Before I joined Oqton I was based in the UK, working in-house for a large tech company. IP and secrecy was absolutely fundamental to this company and they were rigorous in their cyber-security to the point where it was a real challenge to keep up to date with modern design tools.
I was part of the Design Team there and we used Sketch for all of our UI designs. Sketch, being a powerful vector design tool was great for pulling together UI designs. The team was Mac based and they adopted Sketch around 5 years ago. The reason Sketch was chosen over Figma was due to the localized storage being the default. Sketch cloud was not available at the time and the company would always favour a local software solution over a cloud based alternative.
One of my key responsibilities became preparing UI designs to be delivered to our in-house Embedded-Software Team (ESW). At first this was a very tedious task and required very strict naming conventions and export processes as well as complex change management until I discovered that I could leverage my passion for coding to automate this process, using custom plugins.
By the time my journey at the company had come to an end I had developed numerous plugins for the UI Design team for everything from translation to prototyping, icon management and exporting.
As part of my application process to join Oqton, our Head Of Design, Valentijn arranged a session with some of his team and myself to get together, in "Figma". At first glance it was familiar. The layout was the same, and I could navigate my way around the canvas fairly easily. nOe of the questions that I distinctly remember was to explain the differences between Figma and Sketch. In answering this question, it unlocked the concept of same-time collaborative editing. This literally broke my foundational understanding of how people could work together.
Oqton use a custom Figma component called an "Affinity Cluster" to title sections inside Figma boards. They are clean and non-distracting and really help to organize an infinite 2D canvas.
Creating Affinity Clusters was not complicated but required the user to navigate through a pool of available components, find the Affinity Cluster component, drag it onto the canvas, align it with the section, change its title, and resize it to match the content it was titling. I immediately saw an opportunity to disrupt this process.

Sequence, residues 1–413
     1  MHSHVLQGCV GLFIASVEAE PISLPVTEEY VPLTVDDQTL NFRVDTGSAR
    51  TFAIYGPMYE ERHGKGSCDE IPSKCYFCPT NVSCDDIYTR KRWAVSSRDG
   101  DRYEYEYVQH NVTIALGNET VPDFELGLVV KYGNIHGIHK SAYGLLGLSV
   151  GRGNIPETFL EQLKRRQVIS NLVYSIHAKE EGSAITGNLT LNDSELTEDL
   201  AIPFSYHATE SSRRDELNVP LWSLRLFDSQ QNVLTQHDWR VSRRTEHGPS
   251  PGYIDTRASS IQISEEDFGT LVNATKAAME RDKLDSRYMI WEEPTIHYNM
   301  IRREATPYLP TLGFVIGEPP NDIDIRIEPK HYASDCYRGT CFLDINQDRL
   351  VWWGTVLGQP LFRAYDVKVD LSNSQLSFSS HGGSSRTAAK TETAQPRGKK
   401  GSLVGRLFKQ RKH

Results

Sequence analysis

Using the well-documented Figma Plugin API and a lot of trial and error, I learnt to functions such as
figma.importComponentByKeyAsync() to asynchronously load components from our extensive "Jam Library". Then leveraging the
.setProperties() function to swap between instances,
figma.currentPage.selection to collect and them measure the users selection and gathering user input from a (very poorly designed) UI, I was able to speed up Affinity Cluster creation significantly.
The priority was function, so the form left much to be desired at first.
Since then this plugin has been extended to offer a much wider set of features for both Figma design files as well as FigJam files.
A Resource Link is a Figma Component designed by our Design Team to help organize and define links within a larger canvas.
Resource Links are used all over our Transactional boards (Transactional - information that is transactional is information that relates to time based content. For example, a quarterly marketing board).
Much like the Affinity Cluster, creating a Resource Link was a fairly tedious process and in order to keep them relevant and being used across a board, they needed to be effortless to create.
Again, not a pretty UI, but this significantly reduced the TTC when creating meaningful links to other Figma pages, components, or external resources.
This plugin leveraged some url parsing and stateful UI that could be used to update existing Resource Links or Create new ones based on a URL.
The URL parsing would detect the source of the URL and choose a variant that represented the Link with an icon. Simple, fast and delightful.
Documenting bugs or raising questions about implemented designs in our software needs to be effortless.
"Kaizen is an approach to creating continuous improvement based on the idea that small, ongoing positive changes can reap significant improvements."
Our Kaizen Container component was created to wrap screenshots of bugs in our Kaizen boards. These would then be addressed in our weekly Kaizen sessions and if the problem was simple to solve ( < 1 hour ), then someone in the team would tackle that problem there and then.
Creating a Kaizen Container needed to be totally effortless. It needs to contains contextual information such as who discovered the bug, the date it was documented and what type of discovery it was.
By using the Kaizen Container plugin, the user could simple paste a screenshot of the bug, run the plugin from the Quick Actions menu, select a type and orientation and the container was generated around the selection. An Oqton People Component was added to the container, the date populated and a fresh sticker added to signify that it hadn't been looked into yet:
I'd like to explore webpack to allow me to leverage external libraries. External libraries could open the floodgates to significantly more capable plugins. Watch this space...
I'm learning more and more about Typescript and I know it's possible to create the UI for a plugin using Typescript. This could allow me to inject our own
@oqton/design-system into the plugin UI.
The Figma community is growing and the Discord server was a recent discovery. Participating in the community has already been hugely valuable for me. A community member created a library of styles/classes that match the UI for Figma. I hope to re-design the UI for all of my plugins to better match the UI of Figma itself. Safe to say the UI designs I've made are really form-follows-function. Hopefully this will change that.